Your Money: Coronavirus fears shake Yale economist Robert Shiller

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[March 20, 2020]  By Chris Taylor

NEW YORK (Reuters) - In scary times like these, it is comforting to talk to someone who has seen and studied a lot of things Ė booms, busts, and everything in between.

Enter Robert Shiller. The Yale University economics professor and Nobel Prize winner recently came out with an uncannily prescient book for the current moment, ďNarrative Economics: How Stories Go Viral and Drive Major Economic Events.Ē

You might also know him from the Case-Shiller home price indices, or the Shiller P/E ratio for valuing equities.

The 73-year-old spoke with Reuters about how contagions shape much of our lives Ė whether we realize it or not.

Q: What is your take on what is going on with coronavirus?

A: This is a very unusual event for the markets Ė not many events have their origins in a major exogenous crisis like this. Thatís not normally a thing that starts business cycles.



Q: What thoughts do you have for investors in moments like this?

A: The last time we were near a bear market level, the market rebounded again to new heights. So some people are thinking that the same pattern will just repeat itself again. But I would caution them that the market doesnít necessarily do that, and that we could be vulnerable to more drops.

Itís a high volatility period. I would advise people not to take any extreme measures. Donít think itís the time to sell out completely, but also, donít conclude itís a big buying opportunity and push into leveraged positions in the market.

Q: Are any asset classes relatively safe right now?

A: Itís a risky time, and I suspect the volatility might continue for equities. Real estate was already high, and I guess with low mortgage rates it could go a little higher. But the Case-Shiller price indices havenít been going up as fast in recent months, and real estate was already looking peaky.

With the bond market, if interest rates shoot back up, you could have a big collapse in bond prices. Maybe cash is an alternative to consider, as part of a diversified portfolio. Thereís no safe option right now.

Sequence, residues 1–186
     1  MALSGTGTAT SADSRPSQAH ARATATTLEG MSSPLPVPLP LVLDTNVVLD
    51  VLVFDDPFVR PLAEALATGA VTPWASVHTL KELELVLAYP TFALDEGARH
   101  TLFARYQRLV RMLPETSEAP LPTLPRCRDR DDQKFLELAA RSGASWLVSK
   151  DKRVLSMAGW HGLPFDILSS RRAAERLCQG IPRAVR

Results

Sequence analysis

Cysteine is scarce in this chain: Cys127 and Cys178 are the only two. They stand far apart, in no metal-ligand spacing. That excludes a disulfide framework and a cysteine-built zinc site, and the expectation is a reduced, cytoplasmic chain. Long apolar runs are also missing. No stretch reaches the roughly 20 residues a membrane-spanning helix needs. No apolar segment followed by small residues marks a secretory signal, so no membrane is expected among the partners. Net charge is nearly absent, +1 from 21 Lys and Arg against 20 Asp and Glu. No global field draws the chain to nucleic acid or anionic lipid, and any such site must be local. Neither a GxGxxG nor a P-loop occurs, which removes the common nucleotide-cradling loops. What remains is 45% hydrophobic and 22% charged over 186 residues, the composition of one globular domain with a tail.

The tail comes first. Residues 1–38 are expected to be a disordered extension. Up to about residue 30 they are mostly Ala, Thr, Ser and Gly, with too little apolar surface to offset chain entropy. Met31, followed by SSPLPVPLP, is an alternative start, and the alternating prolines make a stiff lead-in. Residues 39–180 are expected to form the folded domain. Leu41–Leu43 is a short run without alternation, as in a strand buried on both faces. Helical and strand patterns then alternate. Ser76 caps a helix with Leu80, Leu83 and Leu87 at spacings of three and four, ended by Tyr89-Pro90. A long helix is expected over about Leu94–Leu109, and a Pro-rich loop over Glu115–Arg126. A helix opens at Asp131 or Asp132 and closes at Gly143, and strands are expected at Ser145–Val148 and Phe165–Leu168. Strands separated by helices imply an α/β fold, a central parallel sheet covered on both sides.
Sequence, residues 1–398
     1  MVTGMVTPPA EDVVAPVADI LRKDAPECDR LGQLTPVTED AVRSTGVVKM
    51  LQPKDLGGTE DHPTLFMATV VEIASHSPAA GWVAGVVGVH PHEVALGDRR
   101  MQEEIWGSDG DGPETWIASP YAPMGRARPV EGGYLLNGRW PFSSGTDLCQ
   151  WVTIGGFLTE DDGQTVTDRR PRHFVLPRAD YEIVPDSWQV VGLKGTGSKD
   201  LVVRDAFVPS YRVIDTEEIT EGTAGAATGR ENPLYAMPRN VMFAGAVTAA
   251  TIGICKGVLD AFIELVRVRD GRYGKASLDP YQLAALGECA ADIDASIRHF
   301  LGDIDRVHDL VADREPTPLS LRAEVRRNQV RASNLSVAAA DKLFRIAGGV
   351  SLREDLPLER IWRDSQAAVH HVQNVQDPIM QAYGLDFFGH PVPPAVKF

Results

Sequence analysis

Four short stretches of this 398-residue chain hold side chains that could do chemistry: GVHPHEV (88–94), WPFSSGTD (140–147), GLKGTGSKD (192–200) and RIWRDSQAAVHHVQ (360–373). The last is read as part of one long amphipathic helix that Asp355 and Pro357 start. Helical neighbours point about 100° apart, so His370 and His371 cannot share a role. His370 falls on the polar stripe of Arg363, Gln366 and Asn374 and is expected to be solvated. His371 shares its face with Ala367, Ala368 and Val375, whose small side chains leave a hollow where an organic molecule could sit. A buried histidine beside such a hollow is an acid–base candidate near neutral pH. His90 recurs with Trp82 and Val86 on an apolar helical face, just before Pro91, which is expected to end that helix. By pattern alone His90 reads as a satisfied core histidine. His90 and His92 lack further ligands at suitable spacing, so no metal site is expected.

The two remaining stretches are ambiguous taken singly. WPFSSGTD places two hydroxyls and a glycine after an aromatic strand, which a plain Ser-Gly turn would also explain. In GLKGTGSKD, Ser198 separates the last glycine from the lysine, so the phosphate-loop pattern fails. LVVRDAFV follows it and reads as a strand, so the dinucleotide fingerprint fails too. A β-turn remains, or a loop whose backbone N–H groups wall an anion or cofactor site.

Q: What are we learning about the global economy right now?

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Robert J. Shiller, Sterling Professor of Economics at Yale University attends a session at the annual meeting of the World Economic Forum (WEF) in Davos January 24, 2014. REUTERS/Denis Balibouse/File Photo

A: One thing being revealed is what happens during quarantines, if people just stay home. Businesses depend on a steady flow of commerce, and theyíre just not prepared for an interruption like this.

I call this a co-epidemic: One is the coronavirus, and the other is like a narrative epidemic, about our confidence and outlook for the economy. Thatís a new one, itís happening fast, and itís very contagious. Everyoneís talking about this.

Q: Can policy measures help mitigate what is going on?

A: In past crises, confidence has been bolstered by international action, like central banks coming together and doing cohesive things to stimulate the economy. Right now we are sort of out of ammunition, with interest rates having been so low for so long. We canít push them down much further.

Q: What lessons are going to come out of this?

A: One thing is that weíre going to appreciate the threat of contagion and epidemics. Influenza comes every year, and causes thousands of deaths, but we donít think much about it. We have to understand that epidemics are very hard to predict, even for seasoned epidemiologists, and the contagion rate is highly variable. Now we have to worry about coronavirus mutating, and becoming even more deadly than it already is.

Itís the same thing with contagious economic narratives. There are powerful narratives in America, that we should live large, and enhance our image, and be seen as big spenders. That may have helped boost the economy, but that narrative is tarnished now. With the panic, now people are thinking that they might lose their jobs, or face high medical expenses Ė and weíre just not prepared for it.

(Editing by Beth Pinsker; Follow us @ReutersMoney or at http://www.reuters.com/finance/personal-finance.)

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